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Dutch artist Piet Mondrian lived a nomadic life, caught between the two World Wars, and he transformed each new studio and home into a reflection of his current practice. Walls and furniture were washed in stark white; rectangles of cardboard painted in primary colors were gridded on all four walls. This little-known aspect of the artist’s life is chronicled in Piet Mondrian: The Studios, out now from Thames & Hudson.
Edited by Dutch designer Cees W. de Jong, the book includes images of Mondrian’s studios, as well as art he created while in each residence. For example, his early years as a respected landscape painter in Amsterdam saw him lodging at Sarphatipark 42, a building created for artists, where he’s pictured among traditional wooden furniture with framed trees and rural scenes installed salon-style on the walls. Later he moved to Paris, until the outbreak of World War I when he left for the Dutch artist community of Laren. After returning to Paris again, he fled the encroaching fascism of World War II and relocated to London. As he moved to each new space, his studio aesthetic became more refined, more devoted to the hard geometries and intense colors that characterize the work he’s famous for today.
Mondrian’s friend Maud van Loon recalled the experience of walking up to his Paris apartment at 26 rue du Départ as a sort of passing between two worlds, as the “stairwell was horrific, terribly shabby, unsightly …Then you walked through his door and into a brilliantly white studio with a color plane here and there. As you stepped inside, you were in Paradise.” Even at his brief residence in London at 60 Parkhill Road, just before the Blitz encouraged another move to New York in 1940, he painted his DIY fruit crate furniture bright white to immerse his whole life in his current artistic direction.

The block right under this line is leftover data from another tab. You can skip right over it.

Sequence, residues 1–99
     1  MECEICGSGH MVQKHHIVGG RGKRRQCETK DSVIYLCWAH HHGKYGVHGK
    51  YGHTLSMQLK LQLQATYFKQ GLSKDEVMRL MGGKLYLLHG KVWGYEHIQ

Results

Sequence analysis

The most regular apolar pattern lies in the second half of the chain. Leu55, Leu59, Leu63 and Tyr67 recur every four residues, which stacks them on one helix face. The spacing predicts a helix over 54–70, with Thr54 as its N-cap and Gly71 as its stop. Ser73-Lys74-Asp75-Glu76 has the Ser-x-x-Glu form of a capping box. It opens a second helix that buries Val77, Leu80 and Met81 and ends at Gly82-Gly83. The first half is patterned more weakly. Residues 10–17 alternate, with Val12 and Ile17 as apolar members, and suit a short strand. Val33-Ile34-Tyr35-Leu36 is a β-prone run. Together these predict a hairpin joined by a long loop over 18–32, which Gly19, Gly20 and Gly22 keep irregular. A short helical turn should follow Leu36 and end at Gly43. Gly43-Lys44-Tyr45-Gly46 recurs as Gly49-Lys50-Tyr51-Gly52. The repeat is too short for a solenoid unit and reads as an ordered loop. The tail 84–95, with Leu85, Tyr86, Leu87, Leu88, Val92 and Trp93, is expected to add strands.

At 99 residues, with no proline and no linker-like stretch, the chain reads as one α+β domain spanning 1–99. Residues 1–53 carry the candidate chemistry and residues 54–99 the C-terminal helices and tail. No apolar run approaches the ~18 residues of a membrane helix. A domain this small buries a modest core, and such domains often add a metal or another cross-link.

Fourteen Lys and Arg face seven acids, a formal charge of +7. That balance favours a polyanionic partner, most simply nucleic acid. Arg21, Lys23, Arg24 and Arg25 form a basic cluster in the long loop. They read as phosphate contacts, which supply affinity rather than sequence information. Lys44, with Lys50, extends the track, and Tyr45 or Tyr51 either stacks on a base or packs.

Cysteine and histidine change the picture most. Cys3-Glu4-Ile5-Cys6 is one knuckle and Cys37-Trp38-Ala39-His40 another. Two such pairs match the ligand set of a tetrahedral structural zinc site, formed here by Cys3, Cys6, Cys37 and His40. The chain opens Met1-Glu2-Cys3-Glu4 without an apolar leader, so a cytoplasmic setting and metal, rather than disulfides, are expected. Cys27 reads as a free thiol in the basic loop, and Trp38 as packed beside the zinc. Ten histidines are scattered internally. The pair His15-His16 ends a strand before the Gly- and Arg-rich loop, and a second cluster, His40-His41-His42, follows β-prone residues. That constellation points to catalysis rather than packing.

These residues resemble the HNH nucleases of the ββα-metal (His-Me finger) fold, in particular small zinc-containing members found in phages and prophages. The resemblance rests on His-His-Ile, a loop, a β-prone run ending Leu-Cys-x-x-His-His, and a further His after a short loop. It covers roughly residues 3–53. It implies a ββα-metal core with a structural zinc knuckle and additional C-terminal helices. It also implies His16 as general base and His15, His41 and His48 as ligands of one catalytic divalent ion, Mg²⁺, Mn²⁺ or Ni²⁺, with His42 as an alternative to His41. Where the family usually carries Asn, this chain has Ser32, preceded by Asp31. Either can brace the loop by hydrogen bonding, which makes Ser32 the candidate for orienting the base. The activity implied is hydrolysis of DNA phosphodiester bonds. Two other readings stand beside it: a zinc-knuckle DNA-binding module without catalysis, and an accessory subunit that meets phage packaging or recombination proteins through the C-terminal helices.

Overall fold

Mondrian wrote in 1927 about his ideas on his rather extreme interior design:
The interior of the home must no longer be an accumulation of rooms formed by four walls with nothing but holes instead of doors and windows, but a construction of coloured and colourless planes, combined with furniture and equipment, which must be nothing in themselves but constituent elements of the whole. And the human being? In a similar fashion, the human being must be nothing in himself, but rather a part of the whole. Then, no longer conscious of his individuality, he will be happy in this earthly paradise that he himself has created.
Some of these writing excerpts are published for the first time in English through Piet Mondrian: The Studios. Alongside the photographs and text are diagrams of his homes and studios, some based on first-hand recollections if no photographs were available. His last studio at 15 East 59th Street in Manhattan is the best documented, as after his death in 1944 of pneumonia and burial in Cypress Hills Cemetery in Brooklyn, his friends opened it to the public and invited Fritz Glarner to document its interior.
The colorful, right-angled details of this final studio reflect the jazz influence of New York on Mondrian’s art, where black lines were replaced with yellow, blue, red, and other frenzied hues, like in “Broadway Boogie Woogie” (1942–43) that hangs in the Museum of Modern Art. Photographer Fernard Fonssagrives described his visit following Mondrian’s passing as “if I was able to look at the lost thoughts of the man who had just died. A man obsessed with a vision that was entirely his own. I took my photographs in silence. The only sound came from the traffic on Madison Avenue, but it only accentuated the intimacy and loneliness in the studio, with life outside rushing by.”
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